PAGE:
Early in 1911, the word got around among reporters covering aviation in the New York area that something unusual was going on at an airfield near Mineola, Long Island. But it wasn’t until June 28 that an anonymous journalist from the New York Herald nailed it down. “For the first time since the sport of aviation was started in this country,” he wrote, “two women were in flying machines at the same field and time yesterday.” His story was flashed to newspapers across the country, and the two ladies, Blanche Scott and Harriet Quimby, were overnight sensations.
It is difficult for us to comprehend now just how much the news of America’s first women pilots must have meant to a generation of women trapped in the hopelessness of sweatshops and menial labor or suffocated by the respectability of a middleclass life that permitted no step not even a glance beyond certain narrow, circumscribed patterns of life. In 1911, women were not able to vote-that issue was not laid to rest until the Nineteenth Amendment was ratified in 1920. They could not serve on juries or hold public office in most states; they found such professions as medicine and law closed to them more often than not; they were discriminated against in laws relating to ownership of property; and whenever they tried to do something about their situation, they were branded as wantons or worse.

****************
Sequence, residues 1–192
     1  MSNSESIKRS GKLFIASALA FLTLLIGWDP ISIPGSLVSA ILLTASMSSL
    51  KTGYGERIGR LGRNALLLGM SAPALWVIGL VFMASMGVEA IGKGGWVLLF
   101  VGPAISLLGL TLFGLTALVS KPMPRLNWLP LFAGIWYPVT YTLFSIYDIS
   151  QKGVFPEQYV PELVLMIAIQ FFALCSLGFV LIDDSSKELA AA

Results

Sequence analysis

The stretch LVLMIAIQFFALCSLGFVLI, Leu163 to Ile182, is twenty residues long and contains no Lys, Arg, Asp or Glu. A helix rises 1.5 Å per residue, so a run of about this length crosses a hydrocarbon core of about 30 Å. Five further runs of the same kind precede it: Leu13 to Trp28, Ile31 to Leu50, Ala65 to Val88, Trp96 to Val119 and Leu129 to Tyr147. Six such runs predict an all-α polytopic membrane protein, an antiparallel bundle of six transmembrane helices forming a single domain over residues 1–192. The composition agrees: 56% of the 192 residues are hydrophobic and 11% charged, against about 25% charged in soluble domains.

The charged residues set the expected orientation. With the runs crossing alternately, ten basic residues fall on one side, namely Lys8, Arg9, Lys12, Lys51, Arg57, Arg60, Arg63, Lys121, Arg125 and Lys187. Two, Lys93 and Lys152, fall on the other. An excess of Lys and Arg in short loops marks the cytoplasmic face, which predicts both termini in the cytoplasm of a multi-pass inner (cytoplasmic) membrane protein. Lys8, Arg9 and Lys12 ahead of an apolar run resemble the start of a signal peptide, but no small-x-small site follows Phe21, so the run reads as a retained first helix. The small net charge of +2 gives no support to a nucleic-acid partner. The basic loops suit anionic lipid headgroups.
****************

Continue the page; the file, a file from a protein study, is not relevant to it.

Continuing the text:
SHE IS LEADING WOMAN AVIATOR
Miss Harriet Quimby is the leading woman aviator of the world. She may be seen daily in flight at the Moisant aeroplane grounds, near Garden City, on Long Island. She has strong nerves, not fearing to fly long distances nor to soar to great heights. She uses a monoplane and has thorough practical knowledge of the construction of aerial craft.
– –San Antonio Express, May 31, 1911
Harriet Quimby (right) and Matilde Moisant (left), the first two women in the United States to become licensed airplane pilots.
This advertisement, found in Leslie’s, was one that would typically be seen around the turn of the century find students for various flight schools. Men and women responded with a desire to become pilots.